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Anesth Prog. 2011 Fall; 58(3): 124–125.
PMCID: PMC3167156

Modified i-gel Airway for Oral Surgery

Takuro Sanuki, DDS, PhD,* Shingo Sugioka, DDS, PhD, and Junichiro Kotani, DDS, PhD

The i-gel (Intersurgical Ltd, Wokingham, UK) is a relatively new, single-use supraglottic airway device for use during general anesthesia. The main components of this device are a noninflatable gel-like cuff that is claimed to achieve a perfect fit to the pharyngeal and laryngeal structure and a thick airway tube with a gastric drain tube orifice.1 We often use the i-gel during dental procedures and minor oral surgery. However, its thick airway tube occasionally interferes with surgical access. We describe a modified i-gel airway for use during oral surgeries.

Our idea was to use a reinforced tracheal tube, also called a coiled-wire reinforced tracheal tube, along with the i-gel airway to avoid interference with the surgical field. A size number 4 i-gel airway was cut to an airway tube length of 5.5 cm (Figure 1A). A reinforced tracheal tube (inner diameter 7.5 mm, outer diameter 10.2 mm, Rüsch, Kernen, Germany) was then passed into the i-gel's airway tube. The distal end of the reinforced tracheal tube just fits into the i-gel so that the tip does not protrude through its ventilation hole (Figure 1B). To fix the i-gel even more tightly, the cuff of the reinforced tracheal tube was inflated with approximately 2.5 mL of air.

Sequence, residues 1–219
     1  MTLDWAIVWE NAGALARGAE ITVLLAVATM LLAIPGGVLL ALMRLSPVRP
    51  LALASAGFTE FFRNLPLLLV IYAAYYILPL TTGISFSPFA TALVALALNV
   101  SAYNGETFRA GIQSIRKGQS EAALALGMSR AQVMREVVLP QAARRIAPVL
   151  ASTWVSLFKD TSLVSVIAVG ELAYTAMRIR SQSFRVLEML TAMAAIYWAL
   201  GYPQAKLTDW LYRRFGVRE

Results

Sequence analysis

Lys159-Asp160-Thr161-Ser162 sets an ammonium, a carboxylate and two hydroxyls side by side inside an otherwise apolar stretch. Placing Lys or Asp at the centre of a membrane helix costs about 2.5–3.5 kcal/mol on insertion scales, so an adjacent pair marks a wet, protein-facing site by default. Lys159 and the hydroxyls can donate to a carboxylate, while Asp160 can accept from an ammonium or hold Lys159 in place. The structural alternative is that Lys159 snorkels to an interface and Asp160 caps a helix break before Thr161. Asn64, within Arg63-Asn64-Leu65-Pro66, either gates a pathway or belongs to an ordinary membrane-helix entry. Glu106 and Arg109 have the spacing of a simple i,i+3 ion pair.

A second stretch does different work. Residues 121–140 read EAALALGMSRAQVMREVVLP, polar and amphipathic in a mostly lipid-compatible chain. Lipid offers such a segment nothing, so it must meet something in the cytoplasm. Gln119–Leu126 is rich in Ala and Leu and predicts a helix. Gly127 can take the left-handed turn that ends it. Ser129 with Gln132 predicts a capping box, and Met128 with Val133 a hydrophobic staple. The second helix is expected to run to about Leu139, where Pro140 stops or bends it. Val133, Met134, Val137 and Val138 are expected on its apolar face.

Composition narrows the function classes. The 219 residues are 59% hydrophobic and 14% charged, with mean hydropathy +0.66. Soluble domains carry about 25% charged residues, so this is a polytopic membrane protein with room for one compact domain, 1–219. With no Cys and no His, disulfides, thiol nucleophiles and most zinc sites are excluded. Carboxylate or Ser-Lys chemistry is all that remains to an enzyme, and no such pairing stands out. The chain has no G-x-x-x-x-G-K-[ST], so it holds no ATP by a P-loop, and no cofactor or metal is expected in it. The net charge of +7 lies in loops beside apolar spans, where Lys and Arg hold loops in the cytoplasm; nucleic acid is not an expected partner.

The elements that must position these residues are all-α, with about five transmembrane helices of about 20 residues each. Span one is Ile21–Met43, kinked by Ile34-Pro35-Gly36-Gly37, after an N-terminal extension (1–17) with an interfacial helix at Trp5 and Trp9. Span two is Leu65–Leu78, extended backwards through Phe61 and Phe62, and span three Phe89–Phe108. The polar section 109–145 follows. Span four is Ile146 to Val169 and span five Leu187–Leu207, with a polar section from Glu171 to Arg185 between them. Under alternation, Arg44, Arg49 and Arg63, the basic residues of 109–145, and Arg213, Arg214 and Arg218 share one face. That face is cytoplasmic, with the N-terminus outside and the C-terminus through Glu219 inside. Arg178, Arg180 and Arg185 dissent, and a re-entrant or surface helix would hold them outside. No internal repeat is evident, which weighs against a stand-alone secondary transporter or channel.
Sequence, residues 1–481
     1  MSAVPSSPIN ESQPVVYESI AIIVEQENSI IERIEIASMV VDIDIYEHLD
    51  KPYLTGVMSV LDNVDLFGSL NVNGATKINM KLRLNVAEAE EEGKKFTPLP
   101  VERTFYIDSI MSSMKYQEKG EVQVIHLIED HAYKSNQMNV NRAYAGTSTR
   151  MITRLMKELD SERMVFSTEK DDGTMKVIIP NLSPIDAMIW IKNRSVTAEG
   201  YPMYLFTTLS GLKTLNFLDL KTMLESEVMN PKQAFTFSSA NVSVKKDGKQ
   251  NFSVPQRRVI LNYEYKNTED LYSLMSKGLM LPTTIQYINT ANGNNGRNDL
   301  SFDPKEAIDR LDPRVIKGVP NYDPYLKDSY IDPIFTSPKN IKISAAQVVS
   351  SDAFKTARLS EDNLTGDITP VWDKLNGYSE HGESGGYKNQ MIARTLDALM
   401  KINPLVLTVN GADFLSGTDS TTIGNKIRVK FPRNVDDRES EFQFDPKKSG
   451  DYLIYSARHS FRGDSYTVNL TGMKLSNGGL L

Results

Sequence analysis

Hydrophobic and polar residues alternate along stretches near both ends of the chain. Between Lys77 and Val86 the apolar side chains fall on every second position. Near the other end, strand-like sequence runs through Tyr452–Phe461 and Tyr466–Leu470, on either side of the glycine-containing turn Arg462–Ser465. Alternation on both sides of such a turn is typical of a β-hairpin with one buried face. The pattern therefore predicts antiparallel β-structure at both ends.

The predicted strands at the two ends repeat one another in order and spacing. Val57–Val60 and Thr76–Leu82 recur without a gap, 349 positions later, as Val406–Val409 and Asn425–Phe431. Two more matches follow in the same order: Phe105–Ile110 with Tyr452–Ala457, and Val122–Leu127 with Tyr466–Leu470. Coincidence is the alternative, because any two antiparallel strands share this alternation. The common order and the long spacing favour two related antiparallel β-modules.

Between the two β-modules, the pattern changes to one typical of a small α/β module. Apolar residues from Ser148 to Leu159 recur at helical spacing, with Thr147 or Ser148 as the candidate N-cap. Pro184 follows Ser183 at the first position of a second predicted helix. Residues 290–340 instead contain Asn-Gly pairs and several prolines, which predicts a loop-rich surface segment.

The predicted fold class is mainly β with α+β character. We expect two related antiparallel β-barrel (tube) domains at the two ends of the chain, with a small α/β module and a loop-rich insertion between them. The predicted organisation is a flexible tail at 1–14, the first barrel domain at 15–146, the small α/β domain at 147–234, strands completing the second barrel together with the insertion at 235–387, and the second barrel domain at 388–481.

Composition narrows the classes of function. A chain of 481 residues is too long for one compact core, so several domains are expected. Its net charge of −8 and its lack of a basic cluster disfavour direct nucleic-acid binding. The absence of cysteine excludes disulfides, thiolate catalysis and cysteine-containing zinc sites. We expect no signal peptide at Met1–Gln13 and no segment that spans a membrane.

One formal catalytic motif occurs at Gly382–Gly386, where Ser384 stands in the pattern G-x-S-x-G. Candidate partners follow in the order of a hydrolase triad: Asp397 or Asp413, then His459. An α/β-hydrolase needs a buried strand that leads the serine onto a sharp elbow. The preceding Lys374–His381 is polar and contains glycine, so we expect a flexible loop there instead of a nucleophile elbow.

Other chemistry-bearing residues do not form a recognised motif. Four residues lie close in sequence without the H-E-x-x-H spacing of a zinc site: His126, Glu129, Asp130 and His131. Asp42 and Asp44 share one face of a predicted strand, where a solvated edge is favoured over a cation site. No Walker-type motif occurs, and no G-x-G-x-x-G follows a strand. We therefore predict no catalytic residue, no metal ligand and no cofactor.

Figure 1.
A. Cut i-gel airway and reinforced tracheal tube. B. Cut i-gel airway with reinforced tracheal tube in it. To fix the i-gel tightly, the cuff of the reinforced tracheal tube was inflated with air.

Insertion of the i-gel into the airway can be readily achieved by gripping its thick airway tube part and using the index and middle fingers to position it into the hypopharynx in the usual manner. However, removal should only be performed by gripping the thick airway tube part of the i-gel using Magill forceps under direct laryngoscopy so that the reinforced tracheal tube does not separate from the i-gel and leave it lodged in the oropharyngeal cavity. Using this modified i-gel airway, we successfully administered general anesthesia to more than 15 outpatients presenting for dental treatment and minor oral surgery.

We believe that this modified i-gel airway is a useful device for these surgeries, provided that it is only removed by pulling on the i-gel base and not on the reinforced tracheal tube.


We thank Dr Rumiko Uda (Department of Anesthesia, Hirakata City Hospital, Osaka, Japan) for her valuable comments.


1. Levitan RM, Kinkle WC. Initial anatomic investigations of the I-gel airway: a novel supraglottic airway without inflatable cuff. Anaesthesia. 2005;60:1022–1026. [PubMed]

Articles from Anesthesia Progress are provided here courtesy of American Dental Society of Anesthesiology